Enjoying the Outdoors Naturally: Making your backyard a NO-FLY zone 

When summer gets going, the high-pitched “hummm” of mosquitoes in the yard or nearby woods is all we need to hurry inside when dusk comes.  But this is YOUR property, right?  There are many ways to take it back…some healthy and some not so healthy.  On the latter side, I know the smell of Malathion by heart, even though my mother told my sister and I to get inside immediately when we heard the drone of the fogging truck coming up our wooded lane.  Later I heard stories from baby boomers who as children went out to play behind the truck in the fog as it buzzed down the streets of New Orleans.  With the advent of west Nile and Zika viruses in the US, mosquitoes are still quite a serious concern, but knowing that Malathion can cause mutated genes in blood cells, breast cancer, abnormalities in sperm, and increased Non-Hodgkin’s Lymphoma among farmers that use it, among other effects, Malathion might be the greater danger! 

Similarly, many of the outdoor sprays, including the most popular Permethrin in the US, have active ingredients in the class of pyrethroids.  While pyrethroids are safer to us when dry (up to 2 hours later), they can be absorbed through skin while applying them, or drift into our homes through open windows or crevices (such as when an exhaust fan is being used inside the house, pulling in outside air).  Pyrethroids are a synthetic version of pyrethrins, which are extracts from the chrysanthemum plant.  Pyrethroids are possible carcinogens, endocrine disruptors, and nervous and respiratory system toxins. 

Several years ago, I was gifted a newer mosquito “lamp” called the Thermacell.  It works by heating up a small pad saturated in Allethrin (a pyrethroid), that creates a vaporous barrier of about 15x15 feet around you.  It takes a few minutes (10-15) to fully establish the chemical barrier.  Although it works, the product warnings include keeping it away from uncovered food and to avoid directly inhaling the vapors.  Huh?  In order to be effective, you are sitting in the 15x15 area…directly or indirectly inhaling the vapors. (?!)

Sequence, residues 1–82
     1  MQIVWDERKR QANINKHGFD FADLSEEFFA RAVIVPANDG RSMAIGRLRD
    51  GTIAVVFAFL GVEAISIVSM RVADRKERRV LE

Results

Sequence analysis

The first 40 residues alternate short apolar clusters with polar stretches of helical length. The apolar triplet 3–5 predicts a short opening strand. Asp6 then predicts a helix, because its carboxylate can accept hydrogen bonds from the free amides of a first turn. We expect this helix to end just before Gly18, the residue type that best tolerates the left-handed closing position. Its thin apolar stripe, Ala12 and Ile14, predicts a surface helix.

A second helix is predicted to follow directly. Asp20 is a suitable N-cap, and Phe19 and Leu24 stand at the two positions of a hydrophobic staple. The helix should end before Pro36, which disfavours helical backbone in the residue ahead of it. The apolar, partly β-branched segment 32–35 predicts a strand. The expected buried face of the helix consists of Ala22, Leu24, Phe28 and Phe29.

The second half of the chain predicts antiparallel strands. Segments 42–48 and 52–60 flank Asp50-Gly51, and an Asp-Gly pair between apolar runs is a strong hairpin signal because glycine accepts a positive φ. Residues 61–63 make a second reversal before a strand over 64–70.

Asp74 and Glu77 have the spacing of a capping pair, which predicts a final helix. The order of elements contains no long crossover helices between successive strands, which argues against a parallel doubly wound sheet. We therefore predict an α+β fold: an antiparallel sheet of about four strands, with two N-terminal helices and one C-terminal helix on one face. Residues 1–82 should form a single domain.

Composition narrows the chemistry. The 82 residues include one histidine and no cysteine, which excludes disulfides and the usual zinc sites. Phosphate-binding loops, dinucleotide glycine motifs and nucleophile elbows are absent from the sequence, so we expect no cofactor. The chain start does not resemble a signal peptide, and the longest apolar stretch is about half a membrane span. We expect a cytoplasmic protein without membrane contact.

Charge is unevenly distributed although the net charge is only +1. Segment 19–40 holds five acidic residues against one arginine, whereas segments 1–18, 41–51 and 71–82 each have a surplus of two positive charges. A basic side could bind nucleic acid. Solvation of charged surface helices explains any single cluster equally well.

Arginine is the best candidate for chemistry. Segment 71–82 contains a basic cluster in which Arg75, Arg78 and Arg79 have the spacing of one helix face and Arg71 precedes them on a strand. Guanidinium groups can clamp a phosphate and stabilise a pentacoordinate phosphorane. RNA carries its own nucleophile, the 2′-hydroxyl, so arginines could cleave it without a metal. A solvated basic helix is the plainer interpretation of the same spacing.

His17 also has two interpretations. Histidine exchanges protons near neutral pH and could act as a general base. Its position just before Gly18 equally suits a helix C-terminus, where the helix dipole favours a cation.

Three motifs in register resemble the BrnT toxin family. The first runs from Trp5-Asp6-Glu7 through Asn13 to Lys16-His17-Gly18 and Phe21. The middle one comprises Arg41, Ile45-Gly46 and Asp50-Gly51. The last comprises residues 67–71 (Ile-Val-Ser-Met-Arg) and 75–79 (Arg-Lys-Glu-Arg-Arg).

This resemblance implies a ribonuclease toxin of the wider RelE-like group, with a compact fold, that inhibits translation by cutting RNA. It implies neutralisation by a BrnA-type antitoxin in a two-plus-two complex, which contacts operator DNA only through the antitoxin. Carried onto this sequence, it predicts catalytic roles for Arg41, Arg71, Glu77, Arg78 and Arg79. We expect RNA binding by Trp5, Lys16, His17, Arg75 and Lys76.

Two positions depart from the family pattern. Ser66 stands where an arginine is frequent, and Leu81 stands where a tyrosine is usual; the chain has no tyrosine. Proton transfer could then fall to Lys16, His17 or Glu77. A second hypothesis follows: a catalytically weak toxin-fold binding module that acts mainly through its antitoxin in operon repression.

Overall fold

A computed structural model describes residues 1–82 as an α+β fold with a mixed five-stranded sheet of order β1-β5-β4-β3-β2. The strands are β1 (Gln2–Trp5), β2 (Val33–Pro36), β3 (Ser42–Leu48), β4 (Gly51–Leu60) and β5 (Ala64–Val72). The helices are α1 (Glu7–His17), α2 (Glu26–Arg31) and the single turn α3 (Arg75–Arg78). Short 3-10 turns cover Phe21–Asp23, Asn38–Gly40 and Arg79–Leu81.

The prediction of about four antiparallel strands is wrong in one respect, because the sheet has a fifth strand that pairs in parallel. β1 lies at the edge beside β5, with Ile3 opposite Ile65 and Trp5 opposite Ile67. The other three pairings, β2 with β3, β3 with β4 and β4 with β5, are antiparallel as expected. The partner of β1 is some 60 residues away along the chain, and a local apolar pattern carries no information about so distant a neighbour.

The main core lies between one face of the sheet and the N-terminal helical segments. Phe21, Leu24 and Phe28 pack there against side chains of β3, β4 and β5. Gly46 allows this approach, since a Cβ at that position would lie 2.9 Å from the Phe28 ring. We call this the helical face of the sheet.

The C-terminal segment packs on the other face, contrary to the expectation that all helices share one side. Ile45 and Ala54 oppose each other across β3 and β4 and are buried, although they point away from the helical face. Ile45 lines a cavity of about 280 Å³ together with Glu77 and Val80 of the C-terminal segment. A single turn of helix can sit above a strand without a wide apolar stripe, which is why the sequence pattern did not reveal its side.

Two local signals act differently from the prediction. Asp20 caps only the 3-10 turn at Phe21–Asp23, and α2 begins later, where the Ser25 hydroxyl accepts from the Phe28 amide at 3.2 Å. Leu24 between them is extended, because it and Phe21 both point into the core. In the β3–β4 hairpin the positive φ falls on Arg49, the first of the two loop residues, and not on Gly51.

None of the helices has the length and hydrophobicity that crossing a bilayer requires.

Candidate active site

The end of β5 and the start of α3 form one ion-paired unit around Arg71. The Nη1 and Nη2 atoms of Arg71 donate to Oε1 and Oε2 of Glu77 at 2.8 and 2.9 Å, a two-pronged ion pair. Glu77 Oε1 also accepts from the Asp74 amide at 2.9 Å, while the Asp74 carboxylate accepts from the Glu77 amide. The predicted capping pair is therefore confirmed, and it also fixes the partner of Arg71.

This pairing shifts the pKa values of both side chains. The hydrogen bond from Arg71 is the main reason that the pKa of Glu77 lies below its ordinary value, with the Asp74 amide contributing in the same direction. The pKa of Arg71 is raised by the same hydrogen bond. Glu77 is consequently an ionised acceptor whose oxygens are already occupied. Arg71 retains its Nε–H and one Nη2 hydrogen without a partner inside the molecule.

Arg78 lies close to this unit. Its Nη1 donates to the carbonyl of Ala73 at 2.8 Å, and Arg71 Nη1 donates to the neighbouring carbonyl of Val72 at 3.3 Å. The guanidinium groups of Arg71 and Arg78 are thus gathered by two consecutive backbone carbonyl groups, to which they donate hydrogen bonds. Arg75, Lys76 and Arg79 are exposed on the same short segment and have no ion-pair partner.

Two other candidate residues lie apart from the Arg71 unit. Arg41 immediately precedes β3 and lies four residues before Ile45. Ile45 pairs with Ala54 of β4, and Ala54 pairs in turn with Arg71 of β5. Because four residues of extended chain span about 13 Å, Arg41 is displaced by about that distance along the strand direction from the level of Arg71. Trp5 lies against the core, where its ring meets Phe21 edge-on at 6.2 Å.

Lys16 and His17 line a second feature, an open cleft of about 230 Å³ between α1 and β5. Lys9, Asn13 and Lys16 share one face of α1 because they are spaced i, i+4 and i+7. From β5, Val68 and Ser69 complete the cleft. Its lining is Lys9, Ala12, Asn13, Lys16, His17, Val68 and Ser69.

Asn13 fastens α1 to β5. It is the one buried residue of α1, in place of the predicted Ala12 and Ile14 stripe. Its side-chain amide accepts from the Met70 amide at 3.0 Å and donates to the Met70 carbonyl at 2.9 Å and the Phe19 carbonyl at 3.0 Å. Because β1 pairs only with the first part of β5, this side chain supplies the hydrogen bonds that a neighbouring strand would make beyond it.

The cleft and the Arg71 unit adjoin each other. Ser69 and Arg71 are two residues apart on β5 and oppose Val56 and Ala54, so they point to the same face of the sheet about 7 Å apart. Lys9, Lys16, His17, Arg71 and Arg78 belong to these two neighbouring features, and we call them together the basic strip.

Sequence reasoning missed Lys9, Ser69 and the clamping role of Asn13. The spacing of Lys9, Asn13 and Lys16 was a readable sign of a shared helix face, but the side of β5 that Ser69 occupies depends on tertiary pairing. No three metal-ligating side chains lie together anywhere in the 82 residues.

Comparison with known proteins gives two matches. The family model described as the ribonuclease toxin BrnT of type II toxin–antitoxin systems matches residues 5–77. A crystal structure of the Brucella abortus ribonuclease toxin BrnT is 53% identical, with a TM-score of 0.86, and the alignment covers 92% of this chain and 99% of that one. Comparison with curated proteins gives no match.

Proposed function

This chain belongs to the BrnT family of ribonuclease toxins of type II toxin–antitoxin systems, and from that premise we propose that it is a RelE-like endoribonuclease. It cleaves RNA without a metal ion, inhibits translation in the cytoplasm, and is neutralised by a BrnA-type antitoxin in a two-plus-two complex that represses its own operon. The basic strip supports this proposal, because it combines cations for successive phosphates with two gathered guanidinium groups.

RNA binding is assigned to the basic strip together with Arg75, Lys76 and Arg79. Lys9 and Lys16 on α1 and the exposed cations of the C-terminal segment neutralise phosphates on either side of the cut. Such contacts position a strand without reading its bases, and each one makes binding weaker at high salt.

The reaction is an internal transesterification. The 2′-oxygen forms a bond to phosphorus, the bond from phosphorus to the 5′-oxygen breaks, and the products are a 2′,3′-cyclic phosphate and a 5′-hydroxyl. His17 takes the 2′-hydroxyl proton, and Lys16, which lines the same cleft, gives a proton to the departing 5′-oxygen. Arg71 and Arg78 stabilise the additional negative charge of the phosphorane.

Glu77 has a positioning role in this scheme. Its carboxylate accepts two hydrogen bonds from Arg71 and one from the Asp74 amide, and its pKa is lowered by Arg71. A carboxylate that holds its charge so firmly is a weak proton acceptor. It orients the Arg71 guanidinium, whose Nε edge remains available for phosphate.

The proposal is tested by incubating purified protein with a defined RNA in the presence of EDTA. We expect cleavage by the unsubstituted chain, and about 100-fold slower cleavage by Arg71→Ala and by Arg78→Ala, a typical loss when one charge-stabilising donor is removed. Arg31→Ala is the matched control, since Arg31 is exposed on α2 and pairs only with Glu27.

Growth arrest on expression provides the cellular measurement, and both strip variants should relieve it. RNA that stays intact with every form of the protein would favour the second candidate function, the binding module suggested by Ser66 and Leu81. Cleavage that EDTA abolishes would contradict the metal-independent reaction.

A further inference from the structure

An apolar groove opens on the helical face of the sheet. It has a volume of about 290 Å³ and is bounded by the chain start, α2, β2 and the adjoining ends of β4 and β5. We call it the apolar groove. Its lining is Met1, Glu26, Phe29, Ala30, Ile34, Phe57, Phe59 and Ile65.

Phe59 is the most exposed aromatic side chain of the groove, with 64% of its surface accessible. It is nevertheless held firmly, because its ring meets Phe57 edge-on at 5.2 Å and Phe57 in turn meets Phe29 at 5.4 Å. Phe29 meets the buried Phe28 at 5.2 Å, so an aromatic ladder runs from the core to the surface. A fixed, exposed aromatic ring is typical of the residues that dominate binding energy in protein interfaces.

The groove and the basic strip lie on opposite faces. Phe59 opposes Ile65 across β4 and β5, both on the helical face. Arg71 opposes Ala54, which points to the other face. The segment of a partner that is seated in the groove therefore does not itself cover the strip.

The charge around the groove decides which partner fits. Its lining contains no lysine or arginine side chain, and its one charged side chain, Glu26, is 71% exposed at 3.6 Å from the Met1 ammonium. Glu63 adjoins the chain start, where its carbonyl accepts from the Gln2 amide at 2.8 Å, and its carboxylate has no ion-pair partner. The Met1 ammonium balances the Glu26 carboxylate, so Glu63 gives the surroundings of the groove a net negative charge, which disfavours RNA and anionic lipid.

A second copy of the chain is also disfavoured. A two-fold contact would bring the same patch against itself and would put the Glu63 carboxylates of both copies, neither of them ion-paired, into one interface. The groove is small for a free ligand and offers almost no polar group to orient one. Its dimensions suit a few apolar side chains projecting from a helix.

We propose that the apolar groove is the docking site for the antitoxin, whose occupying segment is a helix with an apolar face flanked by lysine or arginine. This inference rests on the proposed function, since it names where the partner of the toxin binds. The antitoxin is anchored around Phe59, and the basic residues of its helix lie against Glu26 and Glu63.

I hope you enjoyed our post on mosquito repellents where I discussed the products you spray on your body.  In this war on mosquitoes and other pests, there are repellents safer than Malathion and pyrethroids that you can deploy on your yard.  Here are the best of what we found!  

Similar to the way a “wireless fence” works to keep pets in the yard, what if there was a way to keep insect pests out of the yard?  There is!  For those who dream of Star Wars technology in the home, Photonic Fence is an insect-killing laser device that tracks mosquitoes and other potential pests using cameras and computers, then kills them with a “minimum lethal dose” laser.  The “Photonic Fence is capable of finely discriminating between different species of insects, and so can be relied upon to target only harmful insects, rather than beneficial insects.” (photonicsentry.com)  Unfortunately it is only available by inquiry at the moment…

On the more realistic (and safer) side, the first thing to do is make your backyard inhospitable to mosquitoes through these strategies:

  • Get rid of standing water.  If you have a fish pond, make sure there is not algae growing in it, because this is a favorite food for mosquito larvae.  Be aware that container plants need to have adequate drainage, too, otherwise mosquito larvae can grow in water in the pots.  Also, refill bird baths and dog bowls frequently to discourage mosquitoes.  A frequently overlooked spot is the AC unit, which usually has a pan with drain holes under it.  If the drain holes get clogged with leaves and debris, voila! You have a mosquito incubator.